This is the entry-level point. You could get this job after graduating from an associate or bachelor's program. Alternatively, you might obtain his role by having a high school diploma or GED, CPR certification, or even other direct care experience in a healthcare setting.
After you complete a degree in respiratory therapy, you might work as a respiratory therapist. Students take science, communication, respiratory therapy, and clinical classes.
These professionals also need to be certified according to the local state requirements. The two main certifications in the field are becoming a Certified Respiratory Therapist or a Registered Respiratory Therapist, both of which you can obtain by sitting for The National Board for Respiratory Care exams.
You could also complete training to become another type of therapist. Therapist is a general term that embodies people who help with mental concerns, like a psychological therapist, or physical ailments, like a physical therapist. You would enroll in the respective programs that might entail bachelor's and graduate degrees.
FAQs on Becoming a Respiratory Therapist Assistant
How do you become a respiratory therapist assistant?
The steps for how to become a respiratory therapist assistant don't take too long in general. Respiratory therapist assistant jobs usually require a high school diploma or GED, along with a CPR certification. Some positions may want active or graduated students from a respiratory therapist program.
How much does a respiratory therapist assistant make?
According to PayScale, respiratory therapist assistants make $58,840 per year on average in the U.S.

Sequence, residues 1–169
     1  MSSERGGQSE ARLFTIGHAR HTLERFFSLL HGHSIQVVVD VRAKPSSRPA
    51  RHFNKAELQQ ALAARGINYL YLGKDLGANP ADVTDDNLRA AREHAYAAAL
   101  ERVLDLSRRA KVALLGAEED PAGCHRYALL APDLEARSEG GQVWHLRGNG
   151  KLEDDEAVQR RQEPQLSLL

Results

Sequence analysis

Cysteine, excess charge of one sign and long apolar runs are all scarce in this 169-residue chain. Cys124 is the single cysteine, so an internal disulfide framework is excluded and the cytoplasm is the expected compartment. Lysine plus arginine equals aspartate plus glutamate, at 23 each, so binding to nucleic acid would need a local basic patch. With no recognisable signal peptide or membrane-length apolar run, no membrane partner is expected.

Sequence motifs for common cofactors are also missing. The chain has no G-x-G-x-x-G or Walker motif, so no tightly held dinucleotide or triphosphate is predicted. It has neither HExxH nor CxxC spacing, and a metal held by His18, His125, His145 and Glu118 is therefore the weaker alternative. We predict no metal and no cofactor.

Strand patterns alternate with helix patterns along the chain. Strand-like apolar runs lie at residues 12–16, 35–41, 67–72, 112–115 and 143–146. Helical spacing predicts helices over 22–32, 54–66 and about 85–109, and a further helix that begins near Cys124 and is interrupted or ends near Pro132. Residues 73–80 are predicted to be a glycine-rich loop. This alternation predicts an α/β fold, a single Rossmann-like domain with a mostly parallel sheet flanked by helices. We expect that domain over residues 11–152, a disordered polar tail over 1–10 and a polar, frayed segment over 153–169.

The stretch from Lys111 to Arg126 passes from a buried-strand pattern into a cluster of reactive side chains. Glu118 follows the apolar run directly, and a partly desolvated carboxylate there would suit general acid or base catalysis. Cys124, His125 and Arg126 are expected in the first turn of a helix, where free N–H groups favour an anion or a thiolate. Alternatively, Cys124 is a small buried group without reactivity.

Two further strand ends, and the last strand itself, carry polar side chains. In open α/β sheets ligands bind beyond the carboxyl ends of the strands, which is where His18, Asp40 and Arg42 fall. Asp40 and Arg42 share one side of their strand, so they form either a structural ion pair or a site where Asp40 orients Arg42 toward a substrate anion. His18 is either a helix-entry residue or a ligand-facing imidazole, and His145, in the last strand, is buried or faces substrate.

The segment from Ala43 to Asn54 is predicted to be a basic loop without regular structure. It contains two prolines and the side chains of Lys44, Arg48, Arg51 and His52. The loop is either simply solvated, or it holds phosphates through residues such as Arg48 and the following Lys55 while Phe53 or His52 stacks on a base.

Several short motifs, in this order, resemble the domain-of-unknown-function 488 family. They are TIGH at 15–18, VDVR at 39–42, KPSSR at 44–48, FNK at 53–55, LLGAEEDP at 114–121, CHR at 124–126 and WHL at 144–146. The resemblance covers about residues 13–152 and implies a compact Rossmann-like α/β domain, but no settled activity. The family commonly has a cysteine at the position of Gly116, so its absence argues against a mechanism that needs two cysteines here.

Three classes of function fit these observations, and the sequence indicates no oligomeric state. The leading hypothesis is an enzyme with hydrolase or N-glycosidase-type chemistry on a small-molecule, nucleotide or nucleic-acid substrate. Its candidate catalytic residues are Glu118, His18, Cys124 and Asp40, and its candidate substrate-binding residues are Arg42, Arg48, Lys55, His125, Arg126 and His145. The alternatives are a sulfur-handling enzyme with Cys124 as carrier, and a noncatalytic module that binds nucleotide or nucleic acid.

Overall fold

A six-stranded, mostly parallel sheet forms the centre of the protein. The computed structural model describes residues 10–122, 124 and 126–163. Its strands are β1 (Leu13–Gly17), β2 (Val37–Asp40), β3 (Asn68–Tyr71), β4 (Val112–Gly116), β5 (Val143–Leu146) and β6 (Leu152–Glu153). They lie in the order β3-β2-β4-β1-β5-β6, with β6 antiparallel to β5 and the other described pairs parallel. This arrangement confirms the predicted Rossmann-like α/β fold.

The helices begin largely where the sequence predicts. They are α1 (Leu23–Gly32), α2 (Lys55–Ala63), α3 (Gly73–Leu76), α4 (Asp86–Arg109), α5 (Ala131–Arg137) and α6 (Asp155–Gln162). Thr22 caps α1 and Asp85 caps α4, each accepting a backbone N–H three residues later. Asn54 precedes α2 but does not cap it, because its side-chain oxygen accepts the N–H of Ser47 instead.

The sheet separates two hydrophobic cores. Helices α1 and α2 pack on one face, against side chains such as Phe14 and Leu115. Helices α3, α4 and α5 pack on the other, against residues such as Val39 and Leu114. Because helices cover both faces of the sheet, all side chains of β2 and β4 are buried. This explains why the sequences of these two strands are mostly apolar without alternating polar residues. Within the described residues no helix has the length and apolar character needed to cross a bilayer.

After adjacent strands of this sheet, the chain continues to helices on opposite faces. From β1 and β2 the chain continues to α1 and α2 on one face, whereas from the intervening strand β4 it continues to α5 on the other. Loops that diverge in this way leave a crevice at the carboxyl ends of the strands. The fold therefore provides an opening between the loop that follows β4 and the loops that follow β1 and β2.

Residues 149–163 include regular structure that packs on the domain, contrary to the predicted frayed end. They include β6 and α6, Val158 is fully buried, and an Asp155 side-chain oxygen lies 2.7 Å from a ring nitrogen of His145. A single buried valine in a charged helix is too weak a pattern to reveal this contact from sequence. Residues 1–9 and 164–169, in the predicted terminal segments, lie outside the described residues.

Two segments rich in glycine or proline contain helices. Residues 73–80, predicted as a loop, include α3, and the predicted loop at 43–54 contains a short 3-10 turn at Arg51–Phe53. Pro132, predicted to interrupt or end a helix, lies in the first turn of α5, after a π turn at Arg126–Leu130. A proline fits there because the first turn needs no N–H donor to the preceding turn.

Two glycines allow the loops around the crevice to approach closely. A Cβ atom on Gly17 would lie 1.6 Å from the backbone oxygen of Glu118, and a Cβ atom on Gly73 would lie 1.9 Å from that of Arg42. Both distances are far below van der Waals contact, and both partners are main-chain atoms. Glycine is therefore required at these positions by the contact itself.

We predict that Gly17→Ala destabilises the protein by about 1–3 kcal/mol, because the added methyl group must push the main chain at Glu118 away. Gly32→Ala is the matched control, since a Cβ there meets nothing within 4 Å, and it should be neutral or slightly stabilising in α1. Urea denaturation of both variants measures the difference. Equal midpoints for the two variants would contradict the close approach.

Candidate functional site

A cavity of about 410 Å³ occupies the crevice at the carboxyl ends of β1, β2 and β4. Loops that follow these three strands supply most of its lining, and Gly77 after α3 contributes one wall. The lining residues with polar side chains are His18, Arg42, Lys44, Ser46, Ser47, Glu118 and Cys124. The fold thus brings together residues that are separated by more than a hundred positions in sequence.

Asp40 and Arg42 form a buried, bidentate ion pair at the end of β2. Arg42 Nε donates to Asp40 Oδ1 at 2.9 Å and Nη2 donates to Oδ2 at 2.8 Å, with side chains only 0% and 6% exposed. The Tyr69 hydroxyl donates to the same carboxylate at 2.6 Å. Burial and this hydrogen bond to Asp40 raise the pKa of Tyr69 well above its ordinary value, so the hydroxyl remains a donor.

How long does it take to become a respiratory therapist assistant?
That can depend on the jobs' requirements. If the job only wants a high school diploma and a willingness to learn, you might already be qualified. However, some roles may want you to be part of a respiratory therapy program and might require that you are in school for at least a semester, or the job may require you to be a senior or graduate.
How much does it cost to become a respiratory therapist assistant?
If the role only wants a high school diploma and is willing to help you gain CPR certification, it could cost nothing. As mentioned, other roles might want you to have a degree or be enrolled in a respiratory therapy program. In this case, you would be paying for the degree and possibly any certifications you gained on your own.
Are there respiratory therapy programs online?
If you're interested in becoming a respiratory therapist or an assistant, you can find many respiratory therapy programs online.
Respiratory Therapy Training Programs
Students in respiratory therapy programs take courses in sciences like anatomy, physiology, and microbiology. They might offer classes in:
- Respiratory surveying
- Airway management
- Life support
Many programs have clinical requirements, as well.
Related Career Options for Respiratory Therapist Assistants
Helps with the office, administrative, and care duties in a clinical setting like taking vital signs and maintaining patient records.
Assists in surgeries by sterilizing the surgery room and keeping equipment organized.
Provides direct care to patients like helping them walk, dress, or eat.
These professionals draw blood for medical uses.